The central bank remains confident that the country’s balance of payments (BOP) position will revert to a surplus this year despite the deficit recorded in the first quarter, although it hinted the BOP target for this year may be revised.
“The BOP deficit continued to show the effects of the capital outflows that we experienced in the first two months of 2014,” Bangko Sentral ng Pilipinas (BSP) Deputy Governor Diwa Guinigundo said on the sidelines of the Manila launch of the Asian Development Bank’s “Asian Economic Integration Monitor.”
“Even as exports continue to recover, remittances continue to remain strong, tourism receipts continue to be robust and BPO [business process outsourcing]revenues continue to increase,” Guinigundo said.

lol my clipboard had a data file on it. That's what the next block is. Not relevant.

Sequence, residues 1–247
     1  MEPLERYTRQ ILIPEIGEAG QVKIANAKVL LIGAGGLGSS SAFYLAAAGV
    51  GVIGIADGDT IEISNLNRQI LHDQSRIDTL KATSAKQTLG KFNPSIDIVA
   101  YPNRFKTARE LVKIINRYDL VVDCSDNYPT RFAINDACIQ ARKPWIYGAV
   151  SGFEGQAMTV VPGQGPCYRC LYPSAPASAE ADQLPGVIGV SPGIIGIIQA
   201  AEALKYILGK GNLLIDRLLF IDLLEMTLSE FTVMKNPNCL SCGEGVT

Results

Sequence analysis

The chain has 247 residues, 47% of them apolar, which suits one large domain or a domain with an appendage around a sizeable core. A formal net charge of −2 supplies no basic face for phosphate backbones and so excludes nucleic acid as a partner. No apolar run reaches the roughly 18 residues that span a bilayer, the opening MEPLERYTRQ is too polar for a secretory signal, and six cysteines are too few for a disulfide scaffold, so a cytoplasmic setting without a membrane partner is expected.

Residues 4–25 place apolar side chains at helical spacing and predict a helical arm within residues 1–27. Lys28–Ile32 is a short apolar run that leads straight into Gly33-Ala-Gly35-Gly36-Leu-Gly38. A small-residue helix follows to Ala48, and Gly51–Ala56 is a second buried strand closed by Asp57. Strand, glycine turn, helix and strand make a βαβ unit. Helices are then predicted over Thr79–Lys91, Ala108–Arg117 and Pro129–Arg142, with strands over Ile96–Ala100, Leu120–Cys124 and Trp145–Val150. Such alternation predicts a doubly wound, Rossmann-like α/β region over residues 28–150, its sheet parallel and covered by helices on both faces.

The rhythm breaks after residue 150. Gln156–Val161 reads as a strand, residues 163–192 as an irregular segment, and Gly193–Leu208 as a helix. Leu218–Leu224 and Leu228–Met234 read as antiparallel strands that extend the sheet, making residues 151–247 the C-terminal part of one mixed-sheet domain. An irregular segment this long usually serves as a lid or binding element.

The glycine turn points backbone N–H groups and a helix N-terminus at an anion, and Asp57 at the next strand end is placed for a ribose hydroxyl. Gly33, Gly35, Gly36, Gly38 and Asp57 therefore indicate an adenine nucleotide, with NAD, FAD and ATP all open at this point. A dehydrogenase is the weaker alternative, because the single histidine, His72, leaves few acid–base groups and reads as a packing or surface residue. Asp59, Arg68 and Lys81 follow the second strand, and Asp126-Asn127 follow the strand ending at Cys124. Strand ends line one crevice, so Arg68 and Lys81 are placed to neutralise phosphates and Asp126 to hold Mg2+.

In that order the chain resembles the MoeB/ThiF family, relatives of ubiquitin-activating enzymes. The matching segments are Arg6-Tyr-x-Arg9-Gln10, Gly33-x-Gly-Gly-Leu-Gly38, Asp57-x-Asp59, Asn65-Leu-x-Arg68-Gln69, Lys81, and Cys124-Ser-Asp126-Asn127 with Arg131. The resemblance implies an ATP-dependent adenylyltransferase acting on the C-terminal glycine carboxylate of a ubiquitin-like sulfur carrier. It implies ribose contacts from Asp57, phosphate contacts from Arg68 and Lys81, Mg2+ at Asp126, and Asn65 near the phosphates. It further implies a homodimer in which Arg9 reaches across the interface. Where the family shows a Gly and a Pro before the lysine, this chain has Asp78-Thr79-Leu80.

The BOP stood at deficit of $336 million in March, resulting in a cumulative BOP deficit of $4.47 billion for the first three months of the year, a sharp swing from the $1.54 billion surplus recorded for the same period a year earlier.
Guinigundo said that normally, the country’s BOP reverses into deficit in the first quarter of the year but he added that as far as the current account is concerned, the country’s payments position remains strong.
“Yes, I think so [the BOP position will swing back to a surplus]considering that our current account—trade, services, remittances, BPO, tourism—continue to improve,” he said.
However, the BSP official said the central bank is currently reviewing its target of a $3-billion BOP surplus this year.
The BOP summarizes the country’s economic transactions with the rest of the world over a certain period. It consists of the current account, the capital account, and the financial account. A surplus arises when inflows are greater than outflows, while a deficit is incurred when foreign exchange outflows exceed the inflows and causes a drop in the country’s gross international reserves.